Though lawsuits, financial problems, violent opposition, and other impediments often interfered with Joseph Smith's attempts to write and oversee the creation of church history, sustained interest and repeated efforts yielded significant results, including several important narrative histories. Presented in this first volume of the Histories series are the six histories that Joseph Smith personally wrote, dictated, or supervised.
With the assistance of Frederick G. Williams, Joseph Smith first set about recording his own history in the summer of 1832. In it he recounted for the first time in writing his first vision of Deity and the discovery of the gold plates. Two years later a more ambitious project, the 1834-1836 history, was initiated. Like the 1832 history, this manuscript remained unfinished.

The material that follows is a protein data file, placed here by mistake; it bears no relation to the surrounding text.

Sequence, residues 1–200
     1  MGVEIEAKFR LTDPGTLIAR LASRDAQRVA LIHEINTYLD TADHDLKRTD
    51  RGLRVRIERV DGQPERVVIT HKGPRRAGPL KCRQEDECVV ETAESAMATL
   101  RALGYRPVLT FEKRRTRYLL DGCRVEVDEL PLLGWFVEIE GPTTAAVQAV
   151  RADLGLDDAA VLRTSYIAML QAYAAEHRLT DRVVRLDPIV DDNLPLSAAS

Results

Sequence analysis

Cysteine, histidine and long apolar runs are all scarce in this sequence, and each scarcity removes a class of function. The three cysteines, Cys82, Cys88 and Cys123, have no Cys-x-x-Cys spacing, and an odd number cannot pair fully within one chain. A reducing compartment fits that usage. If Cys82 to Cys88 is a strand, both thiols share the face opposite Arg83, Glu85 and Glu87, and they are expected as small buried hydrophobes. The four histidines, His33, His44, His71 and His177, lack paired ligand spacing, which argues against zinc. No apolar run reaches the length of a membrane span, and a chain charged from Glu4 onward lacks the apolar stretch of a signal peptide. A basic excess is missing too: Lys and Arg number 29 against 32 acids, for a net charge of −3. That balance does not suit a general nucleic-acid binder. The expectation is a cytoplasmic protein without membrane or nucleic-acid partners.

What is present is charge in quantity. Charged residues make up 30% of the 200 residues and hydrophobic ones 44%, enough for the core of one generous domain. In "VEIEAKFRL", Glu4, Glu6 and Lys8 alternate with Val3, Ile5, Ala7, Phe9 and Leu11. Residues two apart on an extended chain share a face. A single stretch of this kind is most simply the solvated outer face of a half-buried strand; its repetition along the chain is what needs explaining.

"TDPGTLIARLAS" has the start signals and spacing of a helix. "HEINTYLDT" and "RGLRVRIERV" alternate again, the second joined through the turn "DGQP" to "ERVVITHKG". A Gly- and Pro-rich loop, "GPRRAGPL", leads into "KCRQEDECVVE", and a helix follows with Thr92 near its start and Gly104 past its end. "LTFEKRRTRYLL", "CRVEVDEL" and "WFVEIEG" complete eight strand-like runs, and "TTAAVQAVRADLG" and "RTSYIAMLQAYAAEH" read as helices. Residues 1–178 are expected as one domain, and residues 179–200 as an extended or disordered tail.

In April 1838, Joseph Smith began work on a new "history of this Church from the earliest perio[d]," the work that would eventually become the multivolume History of the Church. This volume of The Joseph Smith Papers presents in parallel columns for convenient comparison the three earliest surviving manuscripts of that history.
The fourth narrative history in this volume, "Extract, from the Private Journal of Joseph Smith Jr.," is not in fact taken from any journal but was based largely on Smith's 1839 petition for legal redress. "Church History" (familiarly known as the "Wentworth letter") and its near-twin document "Latter Day Saints," both of which Joseph Smith signed as author, are important declarations to the non-Mormon world of the history and beliefs of the church. They include the statement of beliefs now known as the Articles of Faith.
Four additional histories, assigned by Joseph Smith but not dictated or supervised by him, will form the content of Histories, Volume 2.
George B. Wilson, Paperback First Edition edition, ISBN 10: 0814629458, ISBN 13: 9780814629451